Vintage appliances were built to last and they’re solid, so they can often be saved. It’s amazing, those some of those old appliances have been running for 50 years and they’re still going and still have a lot of style. Sometimes if it’s a real rare trailer, we’ll do the restoration before we sell it so we can make sure it’s done correctly; we can’t bear to see it not restored to original because that piece of history will be erased forever. But most people come to us for our design aesthetic. We try to design with a timeless feel and use materials – like fabric, wood and metals – from the era when that trailer was built.
How has the way we live changed the way trailers have been designed over the years?
Anna: Twin-and-a-half beds! Back then, the beds that were built for two people were smaller than a double, so almost everyone wants us to install at least a double but most often a queen-size bed.
What should people look for or avoid when buying a vintage camper?
Justin: Fist thing, make a wish list and know your needs and what suits your family. After that, look for length, a dual axel and aircraft construction versus wood-framing and canned-ham styling. Pinpoint the best preserved trailer for your buck and that means getting it from a dry climate. You don’t want something that has had years and years of water on it or in it. Make sure the frame underneath and running gears are all structurally sound, you need to start with a good foundation, good bones first and foremost.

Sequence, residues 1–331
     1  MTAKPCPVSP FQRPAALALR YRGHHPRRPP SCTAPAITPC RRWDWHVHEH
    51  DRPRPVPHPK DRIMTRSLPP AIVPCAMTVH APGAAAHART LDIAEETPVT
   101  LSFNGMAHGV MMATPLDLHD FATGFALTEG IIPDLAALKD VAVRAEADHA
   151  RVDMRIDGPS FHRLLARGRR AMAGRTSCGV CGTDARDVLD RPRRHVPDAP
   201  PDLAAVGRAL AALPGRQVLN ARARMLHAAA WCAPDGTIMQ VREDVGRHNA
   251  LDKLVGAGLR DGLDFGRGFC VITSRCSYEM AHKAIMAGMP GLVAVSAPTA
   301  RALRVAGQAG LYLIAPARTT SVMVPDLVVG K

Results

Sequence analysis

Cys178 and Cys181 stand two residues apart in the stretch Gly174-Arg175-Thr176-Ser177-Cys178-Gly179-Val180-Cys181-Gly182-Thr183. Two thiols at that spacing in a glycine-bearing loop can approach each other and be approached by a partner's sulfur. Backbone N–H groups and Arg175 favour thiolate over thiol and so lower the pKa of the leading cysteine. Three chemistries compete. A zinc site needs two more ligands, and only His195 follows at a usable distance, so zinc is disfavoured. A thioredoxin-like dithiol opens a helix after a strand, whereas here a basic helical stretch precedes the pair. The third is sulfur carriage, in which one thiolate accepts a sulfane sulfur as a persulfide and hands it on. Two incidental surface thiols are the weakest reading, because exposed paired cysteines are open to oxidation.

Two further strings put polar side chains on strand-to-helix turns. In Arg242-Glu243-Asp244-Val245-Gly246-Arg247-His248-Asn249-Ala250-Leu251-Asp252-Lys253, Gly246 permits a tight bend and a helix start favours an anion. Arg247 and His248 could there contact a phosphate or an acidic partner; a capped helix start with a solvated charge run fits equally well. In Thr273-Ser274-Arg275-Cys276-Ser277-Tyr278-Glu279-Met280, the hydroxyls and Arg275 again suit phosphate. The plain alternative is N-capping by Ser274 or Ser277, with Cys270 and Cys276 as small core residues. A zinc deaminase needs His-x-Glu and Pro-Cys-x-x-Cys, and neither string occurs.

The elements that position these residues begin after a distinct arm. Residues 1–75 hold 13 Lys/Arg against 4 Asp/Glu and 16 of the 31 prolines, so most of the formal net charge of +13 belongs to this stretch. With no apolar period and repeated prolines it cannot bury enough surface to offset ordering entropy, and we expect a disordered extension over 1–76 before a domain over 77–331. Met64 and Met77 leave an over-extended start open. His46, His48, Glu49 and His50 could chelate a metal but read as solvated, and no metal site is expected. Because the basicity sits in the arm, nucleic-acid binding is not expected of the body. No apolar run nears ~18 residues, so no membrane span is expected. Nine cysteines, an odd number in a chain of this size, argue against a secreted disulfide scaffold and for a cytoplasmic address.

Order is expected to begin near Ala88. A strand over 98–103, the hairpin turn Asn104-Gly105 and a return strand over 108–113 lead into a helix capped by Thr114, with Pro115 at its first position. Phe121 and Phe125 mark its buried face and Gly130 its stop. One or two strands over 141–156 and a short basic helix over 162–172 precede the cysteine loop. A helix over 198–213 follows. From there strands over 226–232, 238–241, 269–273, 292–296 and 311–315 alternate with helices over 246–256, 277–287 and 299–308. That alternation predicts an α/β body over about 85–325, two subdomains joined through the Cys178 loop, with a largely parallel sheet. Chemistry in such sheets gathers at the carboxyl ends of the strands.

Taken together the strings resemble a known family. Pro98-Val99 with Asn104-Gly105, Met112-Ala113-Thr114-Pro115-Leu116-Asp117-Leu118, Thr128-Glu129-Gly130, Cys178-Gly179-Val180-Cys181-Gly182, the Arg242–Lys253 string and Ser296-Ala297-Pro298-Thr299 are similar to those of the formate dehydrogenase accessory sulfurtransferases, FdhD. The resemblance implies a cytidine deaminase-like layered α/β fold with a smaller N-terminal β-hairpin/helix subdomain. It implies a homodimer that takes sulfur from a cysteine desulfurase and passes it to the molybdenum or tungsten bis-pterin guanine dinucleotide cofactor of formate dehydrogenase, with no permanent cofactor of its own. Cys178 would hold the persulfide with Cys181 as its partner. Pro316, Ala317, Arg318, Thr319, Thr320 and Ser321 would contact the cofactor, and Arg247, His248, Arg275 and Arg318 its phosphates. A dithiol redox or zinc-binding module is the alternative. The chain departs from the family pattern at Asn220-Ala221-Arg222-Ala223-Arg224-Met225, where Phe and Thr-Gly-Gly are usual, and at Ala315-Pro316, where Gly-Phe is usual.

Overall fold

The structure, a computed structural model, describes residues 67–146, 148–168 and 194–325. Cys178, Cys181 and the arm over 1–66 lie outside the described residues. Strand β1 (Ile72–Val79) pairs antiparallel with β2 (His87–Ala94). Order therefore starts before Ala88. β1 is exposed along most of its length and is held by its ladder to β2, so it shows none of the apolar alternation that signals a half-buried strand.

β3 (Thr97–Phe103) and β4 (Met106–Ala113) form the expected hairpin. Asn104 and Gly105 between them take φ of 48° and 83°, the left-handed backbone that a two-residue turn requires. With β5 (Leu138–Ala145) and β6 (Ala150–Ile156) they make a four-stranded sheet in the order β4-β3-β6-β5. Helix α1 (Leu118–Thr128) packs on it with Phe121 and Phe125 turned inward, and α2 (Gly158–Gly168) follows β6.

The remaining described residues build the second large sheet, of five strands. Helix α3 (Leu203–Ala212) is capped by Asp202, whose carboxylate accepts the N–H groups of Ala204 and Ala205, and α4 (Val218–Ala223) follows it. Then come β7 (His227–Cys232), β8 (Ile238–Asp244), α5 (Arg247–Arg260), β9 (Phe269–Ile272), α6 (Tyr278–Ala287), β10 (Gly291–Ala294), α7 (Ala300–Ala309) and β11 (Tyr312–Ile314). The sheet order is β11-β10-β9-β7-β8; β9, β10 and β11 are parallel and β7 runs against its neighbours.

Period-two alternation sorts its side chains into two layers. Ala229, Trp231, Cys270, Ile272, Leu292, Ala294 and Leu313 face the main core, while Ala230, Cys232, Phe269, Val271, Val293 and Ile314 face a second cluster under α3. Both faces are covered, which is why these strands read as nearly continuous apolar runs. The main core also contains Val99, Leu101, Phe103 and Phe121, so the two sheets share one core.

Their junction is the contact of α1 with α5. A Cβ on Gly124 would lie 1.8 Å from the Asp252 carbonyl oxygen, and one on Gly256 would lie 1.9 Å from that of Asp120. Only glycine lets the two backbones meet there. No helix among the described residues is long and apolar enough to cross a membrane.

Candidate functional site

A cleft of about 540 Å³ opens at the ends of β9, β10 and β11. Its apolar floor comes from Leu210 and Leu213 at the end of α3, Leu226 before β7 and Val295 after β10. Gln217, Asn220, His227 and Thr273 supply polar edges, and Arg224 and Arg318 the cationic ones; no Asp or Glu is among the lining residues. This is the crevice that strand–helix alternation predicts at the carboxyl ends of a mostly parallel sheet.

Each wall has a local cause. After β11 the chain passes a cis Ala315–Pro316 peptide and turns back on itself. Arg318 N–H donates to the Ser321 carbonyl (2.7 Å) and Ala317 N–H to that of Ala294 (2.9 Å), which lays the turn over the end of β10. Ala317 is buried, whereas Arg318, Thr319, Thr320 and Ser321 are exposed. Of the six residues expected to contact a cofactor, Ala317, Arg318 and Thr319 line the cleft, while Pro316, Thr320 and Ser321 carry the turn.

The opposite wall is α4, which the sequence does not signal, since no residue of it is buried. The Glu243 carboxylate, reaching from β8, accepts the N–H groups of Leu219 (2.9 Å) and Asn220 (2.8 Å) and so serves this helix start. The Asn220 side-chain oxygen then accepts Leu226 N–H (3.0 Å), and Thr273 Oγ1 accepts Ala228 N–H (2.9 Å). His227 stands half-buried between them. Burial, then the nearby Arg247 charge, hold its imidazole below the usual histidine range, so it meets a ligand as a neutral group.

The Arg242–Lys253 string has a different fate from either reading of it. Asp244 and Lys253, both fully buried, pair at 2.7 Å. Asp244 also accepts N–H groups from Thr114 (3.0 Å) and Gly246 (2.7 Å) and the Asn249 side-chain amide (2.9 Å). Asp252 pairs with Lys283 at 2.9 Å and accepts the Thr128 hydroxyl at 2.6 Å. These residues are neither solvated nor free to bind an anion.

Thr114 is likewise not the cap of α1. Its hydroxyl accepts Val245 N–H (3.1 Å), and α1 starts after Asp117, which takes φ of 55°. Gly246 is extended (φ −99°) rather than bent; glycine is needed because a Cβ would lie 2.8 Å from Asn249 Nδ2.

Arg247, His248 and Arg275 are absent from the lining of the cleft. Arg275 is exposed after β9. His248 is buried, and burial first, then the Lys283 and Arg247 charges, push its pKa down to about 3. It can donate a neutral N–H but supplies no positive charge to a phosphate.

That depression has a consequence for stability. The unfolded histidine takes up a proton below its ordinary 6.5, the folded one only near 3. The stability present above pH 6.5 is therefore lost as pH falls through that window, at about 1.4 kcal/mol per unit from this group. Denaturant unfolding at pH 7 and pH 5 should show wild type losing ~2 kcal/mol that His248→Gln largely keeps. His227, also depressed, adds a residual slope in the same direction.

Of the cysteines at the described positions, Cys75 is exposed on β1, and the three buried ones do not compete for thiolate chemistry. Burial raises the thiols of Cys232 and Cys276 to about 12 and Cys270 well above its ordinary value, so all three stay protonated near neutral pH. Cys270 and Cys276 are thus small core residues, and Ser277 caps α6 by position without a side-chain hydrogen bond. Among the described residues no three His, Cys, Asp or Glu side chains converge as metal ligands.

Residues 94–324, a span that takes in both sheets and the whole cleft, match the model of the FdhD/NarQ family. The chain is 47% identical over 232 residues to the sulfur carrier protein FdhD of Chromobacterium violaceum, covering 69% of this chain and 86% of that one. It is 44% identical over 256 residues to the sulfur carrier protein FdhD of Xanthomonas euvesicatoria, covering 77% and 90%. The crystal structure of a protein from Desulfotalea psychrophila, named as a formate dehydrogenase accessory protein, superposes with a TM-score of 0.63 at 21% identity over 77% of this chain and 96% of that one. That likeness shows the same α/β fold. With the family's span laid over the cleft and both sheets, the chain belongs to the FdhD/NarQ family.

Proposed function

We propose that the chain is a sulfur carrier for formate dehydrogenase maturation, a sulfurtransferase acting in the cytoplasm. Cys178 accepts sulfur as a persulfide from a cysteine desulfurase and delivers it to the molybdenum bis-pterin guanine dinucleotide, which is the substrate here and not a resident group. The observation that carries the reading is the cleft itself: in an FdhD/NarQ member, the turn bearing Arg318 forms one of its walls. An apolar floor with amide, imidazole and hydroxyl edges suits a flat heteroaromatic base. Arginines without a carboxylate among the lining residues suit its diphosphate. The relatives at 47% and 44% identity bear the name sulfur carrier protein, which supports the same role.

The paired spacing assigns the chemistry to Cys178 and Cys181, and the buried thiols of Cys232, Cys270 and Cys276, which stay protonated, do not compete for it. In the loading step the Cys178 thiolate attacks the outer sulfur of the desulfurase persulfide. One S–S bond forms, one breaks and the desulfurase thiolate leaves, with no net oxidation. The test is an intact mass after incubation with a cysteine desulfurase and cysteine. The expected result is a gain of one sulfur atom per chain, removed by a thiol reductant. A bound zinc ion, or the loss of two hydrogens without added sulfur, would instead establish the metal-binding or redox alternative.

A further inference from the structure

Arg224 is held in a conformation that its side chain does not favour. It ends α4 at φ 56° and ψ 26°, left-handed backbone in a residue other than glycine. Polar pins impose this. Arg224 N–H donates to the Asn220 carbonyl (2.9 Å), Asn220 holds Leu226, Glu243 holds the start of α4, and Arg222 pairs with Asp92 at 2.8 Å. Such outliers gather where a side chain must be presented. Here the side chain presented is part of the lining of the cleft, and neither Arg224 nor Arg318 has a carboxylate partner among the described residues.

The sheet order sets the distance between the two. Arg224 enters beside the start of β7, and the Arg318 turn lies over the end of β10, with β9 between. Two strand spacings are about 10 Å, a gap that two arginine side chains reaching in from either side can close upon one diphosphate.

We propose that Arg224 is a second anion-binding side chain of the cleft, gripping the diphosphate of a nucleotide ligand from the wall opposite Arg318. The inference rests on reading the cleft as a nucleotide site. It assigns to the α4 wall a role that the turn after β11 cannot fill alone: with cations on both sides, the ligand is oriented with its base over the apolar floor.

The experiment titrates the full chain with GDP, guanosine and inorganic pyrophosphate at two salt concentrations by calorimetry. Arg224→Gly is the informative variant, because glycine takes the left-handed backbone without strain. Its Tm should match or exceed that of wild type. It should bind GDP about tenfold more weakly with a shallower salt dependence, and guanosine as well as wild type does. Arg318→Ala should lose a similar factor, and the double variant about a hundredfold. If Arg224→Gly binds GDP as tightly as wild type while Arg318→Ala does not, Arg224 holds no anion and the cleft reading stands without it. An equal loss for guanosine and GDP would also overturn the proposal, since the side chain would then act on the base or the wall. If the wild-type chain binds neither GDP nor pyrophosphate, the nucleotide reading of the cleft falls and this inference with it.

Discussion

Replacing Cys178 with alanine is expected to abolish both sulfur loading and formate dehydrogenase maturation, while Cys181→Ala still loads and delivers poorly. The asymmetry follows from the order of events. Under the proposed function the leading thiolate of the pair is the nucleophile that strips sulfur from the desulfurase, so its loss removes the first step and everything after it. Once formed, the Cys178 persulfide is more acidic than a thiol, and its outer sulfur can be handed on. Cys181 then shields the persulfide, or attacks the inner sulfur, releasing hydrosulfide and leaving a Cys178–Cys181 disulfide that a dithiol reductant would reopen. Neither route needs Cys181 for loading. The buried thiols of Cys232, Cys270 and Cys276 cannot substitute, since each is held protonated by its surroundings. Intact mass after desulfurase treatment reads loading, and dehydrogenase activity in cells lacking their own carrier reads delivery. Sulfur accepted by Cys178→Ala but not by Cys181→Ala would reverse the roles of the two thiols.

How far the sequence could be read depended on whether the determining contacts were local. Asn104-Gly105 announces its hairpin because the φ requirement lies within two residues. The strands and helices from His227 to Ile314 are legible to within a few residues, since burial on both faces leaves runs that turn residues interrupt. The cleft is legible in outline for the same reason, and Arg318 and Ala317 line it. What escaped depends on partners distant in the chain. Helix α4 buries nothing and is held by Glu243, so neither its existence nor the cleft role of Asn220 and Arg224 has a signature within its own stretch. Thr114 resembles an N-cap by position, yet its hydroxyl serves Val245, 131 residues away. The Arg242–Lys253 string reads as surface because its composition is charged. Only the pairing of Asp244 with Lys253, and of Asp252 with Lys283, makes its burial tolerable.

Anna: I agree with Justin. Where you pick up the trailer is huge. We’ve had trailers that looked okay and then once we start taking them apart we realized the framing was rotted out from water damage. When dealing with a canned-ham type trailer, if there is water damage on the inside it’s likely all over. The last place the water is going to get to is the inside, so if there’s water damage inside, you know it’s permeated through several layers of framing to get there. This is especially true for the canned hams – 9 out of 10 times – if there is water damage on the inside, the entire framing is shot.
Justin and Anna: Also, go to a qualified RV specialist when it comes to replacing the electrical and propane systems. Live or loose wires can be very dangerous. The kiln-dried, old wood in a vintage trailer can be a tinder box. When we do electrical work, we touch all of the electrical to make sure it is up to code and is the safest it could be.
Are you starting to make new trailers that look vintage?